But how do the mothers behind these viral tweets feel?

“I'm pretty much a mum that everybody wants to talk to these days,” says Terri, with another warm laugh. The mum of three says going viral “is not that big of a deal” to her, but she is happy that her son can enjoy being a “local superstar”. But is she embarrassed at being the punchline of Jeff’s joke?

“Believe me, I have thick skin,” she says. “I kinda look at what it is, and it’s actually him and his fame. I’m just the mum behind it, the butt of the joke, but I don't mind.”

Not all mums feel the same. A handful of similar viral tweets have since been deleted, indicating the mothers featured in them weren’t best pleased. A few people I reach out to haven’t actually told their mums that they’re the subject of viral tweets, and other mums simply don’t want any more attention.

“I think I’ve put my mum through enough with that tweet already,” says Jacko, when I ask if his mum would be willing to be interviewed. In 2014, Jacko tweeted out a picture of his family writing the word “cock” in the air with sparklers. “This is still my favourite ever family photo,” he captioned the tweet, “My mum did the ‘O’. We told her we were going to write ‘Love’.”

“No one ever expects to call home and say ‘Mum, have you heard of something called LADbible? No, you shouldn’t have, it’s just that a quarter of a million of its fans have just liked a photo of you writing the word ‘cock’ with a sparkler’,” Jacko explains.

Although Jacko feels his mum’s been through enough with the tweet, he does say she was “ace” about her new found fame. “She’s probably cooler about it all than I am”. Apart from the odd deletion, then, it seems most mums are happy to become viral Twitter stars.

Yet why are mums so mocked and maligned in this way? Although dads are often the subject of viral tweets, this is usually because of jokes the dads themselves make (here’s the most notable example from this week). Mums, on the other hand, tend to be mocked for doing something “wrong” (though there are obviously a few examples of them going viral for their clever and cunning). On the whole: dads make jokes, mums are the butt of them.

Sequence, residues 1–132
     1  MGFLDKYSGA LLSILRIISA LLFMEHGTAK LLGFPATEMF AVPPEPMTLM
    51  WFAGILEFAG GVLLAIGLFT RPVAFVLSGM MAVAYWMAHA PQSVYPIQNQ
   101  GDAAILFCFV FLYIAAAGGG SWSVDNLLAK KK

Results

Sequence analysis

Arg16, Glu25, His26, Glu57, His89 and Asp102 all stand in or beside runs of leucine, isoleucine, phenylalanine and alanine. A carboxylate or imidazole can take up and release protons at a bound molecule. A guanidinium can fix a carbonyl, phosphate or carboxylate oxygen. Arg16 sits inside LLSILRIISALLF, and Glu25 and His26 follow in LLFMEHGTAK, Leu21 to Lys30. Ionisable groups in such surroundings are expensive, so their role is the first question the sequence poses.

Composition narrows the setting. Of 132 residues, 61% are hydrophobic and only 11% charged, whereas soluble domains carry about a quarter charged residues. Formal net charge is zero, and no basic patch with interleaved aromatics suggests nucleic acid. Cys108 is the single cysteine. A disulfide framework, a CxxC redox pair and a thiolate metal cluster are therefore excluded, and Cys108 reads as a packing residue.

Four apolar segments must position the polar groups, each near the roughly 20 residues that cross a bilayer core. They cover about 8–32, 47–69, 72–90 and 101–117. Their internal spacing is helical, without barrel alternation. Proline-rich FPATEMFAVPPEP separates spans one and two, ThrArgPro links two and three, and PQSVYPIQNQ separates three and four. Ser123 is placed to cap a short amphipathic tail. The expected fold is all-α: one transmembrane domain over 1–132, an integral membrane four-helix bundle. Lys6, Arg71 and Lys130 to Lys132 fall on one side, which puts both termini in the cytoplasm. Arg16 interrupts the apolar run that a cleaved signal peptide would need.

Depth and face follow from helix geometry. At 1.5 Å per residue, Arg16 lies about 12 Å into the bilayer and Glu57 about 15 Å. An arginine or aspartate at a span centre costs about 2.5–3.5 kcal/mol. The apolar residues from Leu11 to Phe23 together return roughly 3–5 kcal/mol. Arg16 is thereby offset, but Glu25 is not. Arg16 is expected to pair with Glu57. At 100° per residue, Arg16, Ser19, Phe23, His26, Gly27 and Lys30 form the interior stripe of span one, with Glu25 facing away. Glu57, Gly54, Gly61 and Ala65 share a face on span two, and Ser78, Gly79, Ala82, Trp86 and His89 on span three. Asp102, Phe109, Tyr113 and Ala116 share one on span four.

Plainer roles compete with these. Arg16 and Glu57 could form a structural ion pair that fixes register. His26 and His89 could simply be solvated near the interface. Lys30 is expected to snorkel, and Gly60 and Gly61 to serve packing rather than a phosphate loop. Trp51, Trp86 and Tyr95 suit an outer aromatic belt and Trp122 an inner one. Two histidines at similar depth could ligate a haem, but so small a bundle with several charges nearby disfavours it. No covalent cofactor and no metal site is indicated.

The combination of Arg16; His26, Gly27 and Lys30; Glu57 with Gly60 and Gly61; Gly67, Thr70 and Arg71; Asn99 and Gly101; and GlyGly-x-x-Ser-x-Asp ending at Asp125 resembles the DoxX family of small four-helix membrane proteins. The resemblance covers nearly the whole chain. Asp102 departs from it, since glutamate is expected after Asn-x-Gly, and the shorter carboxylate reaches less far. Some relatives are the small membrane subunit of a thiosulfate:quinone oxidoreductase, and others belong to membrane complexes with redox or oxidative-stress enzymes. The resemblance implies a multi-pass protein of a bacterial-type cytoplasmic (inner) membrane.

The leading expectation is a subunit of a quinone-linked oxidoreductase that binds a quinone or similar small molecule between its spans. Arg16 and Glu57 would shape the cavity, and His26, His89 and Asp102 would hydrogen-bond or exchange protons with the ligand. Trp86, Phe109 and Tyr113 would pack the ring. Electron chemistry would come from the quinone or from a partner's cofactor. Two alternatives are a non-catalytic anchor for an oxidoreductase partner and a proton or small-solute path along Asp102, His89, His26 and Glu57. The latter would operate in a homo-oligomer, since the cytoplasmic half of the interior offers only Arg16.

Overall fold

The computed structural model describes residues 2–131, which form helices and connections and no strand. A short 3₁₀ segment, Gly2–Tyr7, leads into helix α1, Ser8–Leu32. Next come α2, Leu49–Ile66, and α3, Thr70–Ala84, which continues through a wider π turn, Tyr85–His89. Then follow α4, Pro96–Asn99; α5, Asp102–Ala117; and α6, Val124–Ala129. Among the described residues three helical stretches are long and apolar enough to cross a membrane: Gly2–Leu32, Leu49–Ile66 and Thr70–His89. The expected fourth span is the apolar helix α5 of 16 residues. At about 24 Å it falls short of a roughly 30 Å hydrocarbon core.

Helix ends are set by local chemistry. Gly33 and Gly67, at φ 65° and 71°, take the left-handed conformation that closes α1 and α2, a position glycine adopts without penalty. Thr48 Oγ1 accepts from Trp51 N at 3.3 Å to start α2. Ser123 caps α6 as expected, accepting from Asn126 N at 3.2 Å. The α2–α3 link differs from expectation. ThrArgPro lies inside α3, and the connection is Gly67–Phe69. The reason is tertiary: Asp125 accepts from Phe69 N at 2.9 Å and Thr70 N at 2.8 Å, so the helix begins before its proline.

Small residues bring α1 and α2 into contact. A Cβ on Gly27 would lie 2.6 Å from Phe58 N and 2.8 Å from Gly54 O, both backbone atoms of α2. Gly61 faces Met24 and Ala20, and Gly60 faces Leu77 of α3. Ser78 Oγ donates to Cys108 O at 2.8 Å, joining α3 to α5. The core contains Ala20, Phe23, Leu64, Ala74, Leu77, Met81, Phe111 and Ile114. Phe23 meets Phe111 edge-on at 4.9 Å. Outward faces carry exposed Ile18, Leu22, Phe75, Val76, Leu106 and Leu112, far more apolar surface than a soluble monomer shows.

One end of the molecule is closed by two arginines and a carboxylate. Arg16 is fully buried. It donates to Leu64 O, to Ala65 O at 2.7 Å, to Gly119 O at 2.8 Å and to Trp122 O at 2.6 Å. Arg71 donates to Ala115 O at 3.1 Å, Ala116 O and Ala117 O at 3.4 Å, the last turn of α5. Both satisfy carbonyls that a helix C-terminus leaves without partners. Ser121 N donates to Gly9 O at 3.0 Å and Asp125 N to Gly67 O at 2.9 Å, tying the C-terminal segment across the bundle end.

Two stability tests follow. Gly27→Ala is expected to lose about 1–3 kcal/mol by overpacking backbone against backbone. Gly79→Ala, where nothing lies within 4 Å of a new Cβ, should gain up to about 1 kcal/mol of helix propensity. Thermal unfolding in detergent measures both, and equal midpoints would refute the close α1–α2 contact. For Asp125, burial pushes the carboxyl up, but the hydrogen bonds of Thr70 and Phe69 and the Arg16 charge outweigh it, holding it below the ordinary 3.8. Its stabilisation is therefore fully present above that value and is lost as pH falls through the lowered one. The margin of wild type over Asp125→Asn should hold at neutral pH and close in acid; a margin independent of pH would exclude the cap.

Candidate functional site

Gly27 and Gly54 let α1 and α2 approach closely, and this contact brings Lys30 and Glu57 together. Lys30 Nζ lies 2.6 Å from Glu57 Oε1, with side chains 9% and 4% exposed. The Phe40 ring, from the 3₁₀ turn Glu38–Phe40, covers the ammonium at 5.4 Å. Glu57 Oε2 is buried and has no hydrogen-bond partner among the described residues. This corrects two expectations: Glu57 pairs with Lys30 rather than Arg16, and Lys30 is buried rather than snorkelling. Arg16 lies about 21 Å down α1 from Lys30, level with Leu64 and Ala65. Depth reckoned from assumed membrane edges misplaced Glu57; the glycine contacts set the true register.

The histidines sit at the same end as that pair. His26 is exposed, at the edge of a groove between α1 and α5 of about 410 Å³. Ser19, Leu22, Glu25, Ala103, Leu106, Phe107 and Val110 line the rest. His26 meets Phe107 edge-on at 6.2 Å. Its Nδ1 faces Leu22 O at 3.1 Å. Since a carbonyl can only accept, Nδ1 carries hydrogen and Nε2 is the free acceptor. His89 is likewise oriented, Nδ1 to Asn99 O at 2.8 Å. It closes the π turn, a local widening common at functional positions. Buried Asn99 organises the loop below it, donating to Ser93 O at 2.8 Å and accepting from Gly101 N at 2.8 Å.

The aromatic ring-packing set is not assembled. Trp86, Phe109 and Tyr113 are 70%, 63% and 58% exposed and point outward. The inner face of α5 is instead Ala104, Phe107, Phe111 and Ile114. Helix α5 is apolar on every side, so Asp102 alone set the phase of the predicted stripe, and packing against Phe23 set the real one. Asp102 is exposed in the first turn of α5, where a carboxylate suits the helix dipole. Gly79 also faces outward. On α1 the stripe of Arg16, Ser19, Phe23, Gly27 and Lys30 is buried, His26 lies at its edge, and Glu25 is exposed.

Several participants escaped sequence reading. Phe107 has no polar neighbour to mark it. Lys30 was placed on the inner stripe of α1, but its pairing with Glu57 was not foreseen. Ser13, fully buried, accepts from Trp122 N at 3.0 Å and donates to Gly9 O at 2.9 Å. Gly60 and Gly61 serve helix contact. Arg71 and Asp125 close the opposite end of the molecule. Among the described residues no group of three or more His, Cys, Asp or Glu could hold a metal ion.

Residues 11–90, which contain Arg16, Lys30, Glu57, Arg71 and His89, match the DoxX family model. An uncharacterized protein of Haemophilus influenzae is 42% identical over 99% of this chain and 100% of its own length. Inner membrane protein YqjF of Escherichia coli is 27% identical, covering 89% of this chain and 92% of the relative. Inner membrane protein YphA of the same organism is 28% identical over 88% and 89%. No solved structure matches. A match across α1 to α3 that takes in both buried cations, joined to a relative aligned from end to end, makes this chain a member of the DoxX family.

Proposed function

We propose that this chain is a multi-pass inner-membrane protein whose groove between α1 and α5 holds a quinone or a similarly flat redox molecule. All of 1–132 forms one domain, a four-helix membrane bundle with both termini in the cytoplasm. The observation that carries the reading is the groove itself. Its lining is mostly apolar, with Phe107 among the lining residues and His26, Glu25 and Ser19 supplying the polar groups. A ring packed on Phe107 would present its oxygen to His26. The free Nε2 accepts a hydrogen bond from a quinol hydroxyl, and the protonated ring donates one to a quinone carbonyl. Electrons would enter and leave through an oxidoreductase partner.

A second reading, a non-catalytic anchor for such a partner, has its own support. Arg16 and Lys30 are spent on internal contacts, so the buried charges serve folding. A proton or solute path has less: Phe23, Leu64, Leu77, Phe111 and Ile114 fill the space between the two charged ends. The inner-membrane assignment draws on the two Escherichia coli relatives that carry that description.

“We all think our mums are so clueless, you know. They don’t know what’s going on. And the fun thing is, one day we come to realise that they knew way more of what was going on than we thought,” says Patricia Wood, a 56-year-old mum from Texas. “People always kind of make fun of their mums, but love them.”

Last year, Patricia went viral when her daughter Christina tweeted out screenshots of her mum’s Facebook posts. In them, Patricia had forgotten the names of Christina’s friends and had candidly written Facebook captions like: “My gorgeous daughter and her date for formal, sorry I forgot his name”. Christina captioned her tweet “I really can't with my mom” and went on to get more than 1,000 likes.

“I felt, like, wow, it was like we’re famous, you know. I thought it was really cool,” says Patricia, of going viral. Her experiences have been largely positive, and as a part-time Uber driver she enjoys telling her customers about the tweet. “But I did have one bad experience,” she explains. A drunken passenger in her car saw the tweet and called Patricia an “asshole”.

Another aspect of viral fame also worried Patricia. She and her daughter were invited on a reality show, TD Jakes, with the production company offering to pay for flights and hotels for the pair. “I have too many skeletons in my closet and I didn't want them to come dancing out,” says Patricia, of her decision not to go. “By the time I got off it, it would be the Jerry Springer show, you know. I’m kind of a strange bird.”

On the whole, then, mothers are often amused by going viral via their offspring – and perhaps this is the real beauty of tweeting about our mums. Since the moment they earn the title, mums can’t afford to be fragile. There is a joy and relatability in “my mum” tweets – because really, the mum in question could be anyone’s. Still, from now on, mums might be more careful about what they tell their sons and daughters.

“When I send Jeff a text now I make sure I’m like: ‘Is my spelling correct? Is what I’m saying grammatically correct?’,” says Terri, “Because who knows where the words are gonna end up?”

Amelia Tait is a technology and digital culture writer at the New Statesman.